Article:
Yet one little-noticed part of the evaluation was brilliantly accomplished: Before the lottery was run and the vouchers were awarded, students and parents had been asked to attend verification sessions where eligibility for the voucher was established. For most students, a social security number was obtained.
Gradually, both SCSF and the evaluation faded from public discourse. Scholarships were extended through eighth grade but the program was otherwise discontinued. Those who participated in the debate over the evaluation moved on to other projects.
It wasn’t until quite recently that enough time had passed to examine the college enrollment decisions of students in the voucher study. We obtained college enrollment information from the National Student Clearinghouse (NSC), which has information on college enrollments from institutions of higher learning that serve 96 percent of the college students in the United States.
Amazingly, 99.1 percent of those included in the lottery could be identified precisely enough so it was possible to see if they appeared in NSC records as a college student. The attrition problem that had plagued the earlier research simply evaporated. All the controversy over test scores could be placed on the shelf, as much better information on something much more important was now available.
Our just released findings are striking. In addition to boosting overall enrollment, the voucher opportunity enhanced enrollment in private universities, which have a better record of seeing students through to graduation day. Better than 14 percent of the African American students attended a 4-year private college if they were offered a voucher, a 57 percent increase above the 9 percent that would have attended otherwise. The percent enrolled in a selective college (where the average student had a SAT score of 1100 or better) more than doubled from 3 percent to 7 percent.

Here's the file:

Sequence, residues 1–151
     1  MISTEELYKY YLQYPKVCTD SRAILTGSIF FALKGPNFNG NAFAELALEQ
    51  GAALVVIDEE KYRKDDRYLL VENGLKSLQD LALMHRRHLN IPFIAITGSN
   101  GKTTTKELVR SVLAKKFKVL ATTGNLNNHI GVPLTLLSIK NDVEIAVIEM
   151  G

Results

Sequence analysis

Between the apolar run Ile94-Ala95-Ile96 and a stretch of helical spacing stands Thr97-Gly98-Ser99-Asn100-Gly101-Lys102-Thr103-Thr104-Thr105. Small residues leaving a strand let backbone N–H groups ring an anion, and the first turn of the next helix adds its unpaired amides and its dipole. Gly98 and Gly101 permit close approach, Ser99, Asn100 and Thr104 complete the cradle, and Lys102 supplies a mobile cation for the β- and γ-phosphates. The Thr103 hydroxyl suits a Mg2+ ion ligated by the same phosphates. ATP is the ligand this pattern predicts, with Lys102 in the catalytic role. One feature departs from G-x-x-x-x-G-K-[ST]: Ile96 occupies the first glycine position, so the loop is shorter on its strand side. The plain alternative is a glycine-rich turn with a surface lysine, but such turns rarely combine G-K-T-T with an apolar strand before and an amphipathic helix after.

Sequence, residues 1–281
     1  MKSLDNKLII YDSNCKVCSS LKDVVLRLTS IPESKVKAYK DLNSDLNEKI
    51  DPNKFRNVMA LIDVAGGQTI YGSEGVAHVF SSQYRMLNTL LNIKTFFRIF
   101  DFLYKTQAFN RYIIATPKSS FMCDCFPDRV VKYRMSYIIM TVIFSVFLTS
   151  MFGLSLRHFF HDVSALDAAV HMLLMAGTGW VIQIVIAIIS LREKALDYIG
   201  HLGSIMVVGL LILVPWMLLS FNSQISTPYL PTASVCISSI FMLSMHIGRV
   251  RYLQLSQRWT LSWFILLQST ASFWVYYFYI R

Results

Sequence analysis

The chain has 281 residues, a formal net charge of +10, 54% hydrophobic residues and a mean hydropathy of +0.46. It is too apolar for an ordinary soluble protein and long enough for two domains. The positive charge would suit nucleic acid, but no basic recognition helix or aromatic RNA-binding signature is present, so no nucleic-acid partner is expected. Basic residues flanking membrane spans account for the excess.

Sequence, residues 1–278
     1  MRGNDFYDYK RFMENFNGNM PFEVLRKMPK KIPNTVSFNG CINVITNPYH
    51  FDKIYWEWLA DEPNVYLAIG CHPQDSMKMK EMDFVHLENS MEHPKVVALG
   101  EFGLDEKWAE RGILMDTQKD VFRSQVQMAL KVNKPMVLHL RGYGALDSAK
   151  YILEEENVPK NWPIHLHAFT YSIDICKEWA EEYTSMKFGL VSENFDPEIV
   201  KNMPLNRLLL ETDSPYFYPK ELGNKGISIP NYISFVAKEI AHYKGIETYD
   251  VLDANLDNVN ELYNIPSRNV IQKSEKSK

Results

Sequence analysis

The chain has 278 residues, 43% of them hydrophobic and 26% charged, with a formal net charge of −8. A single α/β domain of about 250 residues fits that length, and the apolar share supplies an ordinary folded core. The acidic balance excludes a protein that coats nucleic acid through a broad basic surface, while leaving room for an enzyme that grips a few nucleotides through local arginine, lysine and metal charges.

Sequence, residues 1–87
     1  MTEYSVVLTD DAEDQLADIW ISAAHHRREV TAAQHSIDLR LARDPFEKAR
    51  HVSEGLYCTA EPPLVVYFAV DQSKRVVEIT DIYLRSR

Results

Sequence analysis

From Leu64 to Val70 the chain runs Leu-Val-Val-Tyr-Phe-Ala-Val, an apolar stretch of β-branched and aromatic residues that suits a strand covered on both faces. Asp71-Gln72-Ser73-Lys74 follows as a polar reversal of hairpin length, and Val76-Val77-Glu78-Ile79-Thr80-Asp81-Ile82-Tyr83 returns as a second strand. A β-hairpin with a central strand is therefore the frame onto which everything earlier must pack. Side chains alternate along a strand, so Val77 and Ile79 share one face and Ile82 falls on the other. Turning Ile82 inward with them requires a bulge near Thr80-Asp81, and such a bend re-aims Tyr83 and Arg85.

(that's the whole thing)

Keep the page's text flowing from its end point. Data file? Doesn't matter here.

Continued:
As in the earlier study, we found no significant impact on Hispanic student performance. The best explanation for the lesser impact of the program on Hispanic students is that they were more likely to enroll in college even in the absence of a voucher. Forty-five percent of the Hispanic students in the control group enrolled in college within 3 years of expected high school graduation (as compared to just 36 percent of African American control group members). In other words, the Hispanic students were less at risk of not getting to college. Also, Hispanic parents reported less of a climate change when their child moved from public to private school. For African Americans, more than Hispanic students, going to private school greatly reduced the amount of fighting, cheating, property destruction and other negative influences.
Ours is not the first study to find positive benefits from vouchers for African Americans. What’s new is solid evidence that those benefits persist over the long haul.
Paul E. Peterson, professor of government, is the director of Harvard University’s Program on Education Policy and Governance and is a Senior Fellow at the Hoover Institution.